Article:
As Mother's Day looms ever closer in the UK, I find myself bombarded by messages, suggesting ways in which I can thank my mother for all that she has done and continues to do for me. 

For many people, including the clients I work with, these sentiments do not always resonate with their experience of having been mothered. For those of us whose experience does not match that of the kind, warm, nurturing mother we have all come to expect and hope for, Mother's Day can be a struggle; a stinging reminder of a turbulent relationship, of criticism or rejection, or of a longing for closeness and also a fear of it.

Perhaps we know all too well the hurt, the abandonment and the loss, as well as the guilt, shame and self-doubt that inevitably tags along in abundance. However, we may also know the hope; the hope that we will be protected, cared for, loved and nurtured, in a way we sometimes imagine only a mother can.

As relational human beings, our need for contact remains, and our hunger for parental care and love persists.

As relational human beings, our need for contact remains, and our hunger for parental care and love persists and often manifests in our intimate relationships with others. When our friends, lovers, spouses or children do not meet these original needs, we may find ourselves disproportionately distressed; unbeknownst to us, we may be reliving the original trauma of hurt, neglect and abandonment. And it is a myth that all mothers are by nature, warm, kind and nurturing. At best they are, but at worse, the relationship can be destructive and toxic.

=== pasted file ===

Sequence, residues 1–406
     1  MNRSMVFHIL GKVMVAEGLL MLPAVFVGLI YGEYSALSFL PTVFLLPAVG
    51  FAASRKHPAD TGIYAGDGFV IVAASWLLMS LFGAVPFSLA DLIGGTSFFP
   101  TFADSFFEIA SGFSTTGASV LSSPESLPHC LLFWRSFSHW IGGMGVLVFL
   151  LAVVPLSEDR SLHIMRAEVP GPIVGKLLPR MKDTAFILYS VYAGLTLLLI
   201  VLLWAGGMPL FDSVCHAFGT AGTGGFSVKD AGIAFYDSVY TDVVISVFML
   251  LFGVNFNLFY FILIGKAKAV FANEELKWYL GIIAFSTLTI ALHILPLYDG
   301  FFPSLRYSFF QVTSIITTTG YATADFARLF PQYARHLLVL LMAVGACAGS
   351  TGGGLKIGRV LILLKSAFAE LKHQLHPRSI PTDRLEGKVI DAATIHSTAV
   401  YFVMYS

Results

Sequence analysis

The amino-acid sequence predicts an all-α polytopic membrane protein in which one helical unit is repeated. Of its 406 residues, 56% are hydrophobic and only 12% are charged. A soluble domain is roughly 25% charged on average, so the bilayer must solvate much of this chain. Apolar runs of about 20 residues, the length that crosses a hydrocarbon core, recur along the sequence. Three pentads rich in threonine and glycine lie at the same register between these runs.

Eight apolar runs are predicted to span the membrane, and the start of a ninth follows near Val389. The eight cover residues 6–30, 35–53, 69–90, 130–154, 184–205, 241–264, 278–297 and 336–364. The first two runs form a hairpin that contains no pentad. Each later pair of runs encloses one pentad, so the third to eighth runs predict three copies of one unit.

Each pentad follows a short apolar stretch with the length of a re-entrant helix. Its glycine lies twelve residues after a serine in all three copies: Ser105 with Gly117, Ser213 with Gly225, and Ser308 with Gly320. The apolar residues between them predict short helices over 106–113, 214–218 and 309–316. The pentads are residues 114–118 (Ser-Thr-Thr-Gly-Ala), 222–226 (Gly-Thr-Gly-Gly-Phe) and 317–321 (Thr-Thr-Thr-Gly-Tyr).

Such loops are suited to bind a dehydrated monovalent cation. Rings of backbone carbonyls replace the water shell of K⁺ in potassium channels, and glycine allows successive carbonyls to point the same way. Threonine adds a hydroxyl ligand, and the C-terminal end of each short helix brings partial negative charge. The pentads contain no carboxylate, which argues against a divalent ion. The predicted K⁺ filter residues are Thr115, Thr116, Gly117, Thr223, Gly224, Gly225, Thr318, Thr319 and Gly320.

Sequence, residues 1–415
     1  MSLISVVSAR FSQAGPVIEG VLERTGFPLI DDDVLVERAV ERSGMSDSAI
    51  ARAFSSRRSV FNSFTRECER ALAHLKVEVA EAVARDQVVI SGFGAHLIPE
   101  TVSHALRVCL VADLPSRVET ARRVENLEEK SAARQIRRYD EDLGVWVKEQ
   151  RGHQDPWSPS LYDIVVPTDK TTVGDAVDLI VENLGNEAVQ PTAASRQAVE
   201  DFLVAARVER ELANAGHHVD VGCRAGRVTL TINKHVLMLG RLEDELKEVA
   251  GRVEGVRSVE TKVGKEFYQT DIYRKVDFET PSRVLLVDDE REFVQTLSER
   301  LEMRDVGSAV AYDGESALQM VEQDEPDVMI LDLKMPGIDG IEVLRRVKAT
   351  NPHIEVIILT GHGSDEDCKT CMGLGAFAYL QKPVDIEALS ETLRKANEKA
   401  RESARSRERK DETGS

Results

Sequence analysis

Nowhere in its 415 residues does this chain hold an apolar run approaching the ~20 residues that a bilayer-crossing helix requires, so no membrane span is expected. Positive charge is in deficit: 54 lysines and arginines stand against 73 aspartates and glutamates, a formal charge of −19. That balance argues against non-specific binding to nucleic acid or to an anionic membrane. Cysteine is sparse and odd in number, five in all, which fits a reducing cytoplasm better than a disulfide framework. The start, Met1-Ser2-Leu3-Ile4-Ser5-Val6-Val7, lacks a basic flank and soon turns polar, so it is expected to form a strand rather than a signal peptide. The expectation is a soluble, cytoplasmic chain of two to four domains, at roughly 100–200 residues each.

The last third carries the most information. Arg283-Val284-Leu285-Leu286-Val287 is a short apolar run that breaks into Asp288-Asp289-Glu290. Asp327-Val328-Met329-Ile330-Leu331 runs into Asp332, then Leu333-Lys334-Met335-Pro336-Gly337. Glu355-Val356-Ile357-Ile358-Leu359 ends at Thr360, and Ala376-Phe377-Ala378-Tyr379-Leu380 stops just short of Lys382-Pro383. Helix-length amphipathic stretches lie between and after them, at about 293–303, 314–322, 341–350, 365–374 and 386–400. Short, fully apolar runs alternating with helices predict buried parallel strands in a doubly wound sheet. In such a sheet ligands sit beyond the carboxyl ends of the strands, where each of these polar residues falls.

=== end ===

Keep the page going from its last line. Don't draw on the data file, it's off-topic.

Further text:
Such relationships can leave us feeling full of self-doubt, insecure, anxious or depressed. Often, the song that serenades us on our journey sings the blues, lamenting that we are indeed, unlovable. It's a battle that can make navigating our way through adult life, complicated, confusing and painful. My alternative Mother's Day gift suggestion for those who choose not to do cards and flowers or for those who reluctantly do so, is to begin to kindle the flame of your internal mother.

It is a myth that all mothers are by nature, warm, kind and nurturing.

In order to do this, you need to learn how to be on your own side; to be decent and good to yourself; to regard all of yourself with respect and care; to become aware of your own needs and allowing your internal mother to provide satisfying environmental nourishment. And, like all good mothering, this takes practice, discipline, patience and love. 

So why not start today? Take the time to cook yourself a deliciously healthy and nutritious meal; or book yourself a treatment that will attend to meeting the needs of your mind, body and spirit; you might want to have a soothing candle lit bath with essential oils to calm, nurture and relax. 

Alternatively, if you fancy getting creative, create a set of illustrated affirmations that list your strengths and all the things you like about yourself, reminding yourself daily. Acts of kindness to the self can be a powerful first step in beginning to heal what is often referred to as “the mother wound", and a crucial move towards reclaiming our right to not only love ourselves but in allowing ourselves to receive the love of others. 

So, for all those that struggle with Mother's Day, it is possible to reframe the event so that is begins to hold more meaning for you and honours your own unique experience. The essence of Mother's Day is not about hearts and flowers but about giving and receiving love. If your biological mother doesn't quite fit the bill, why not start with yourself?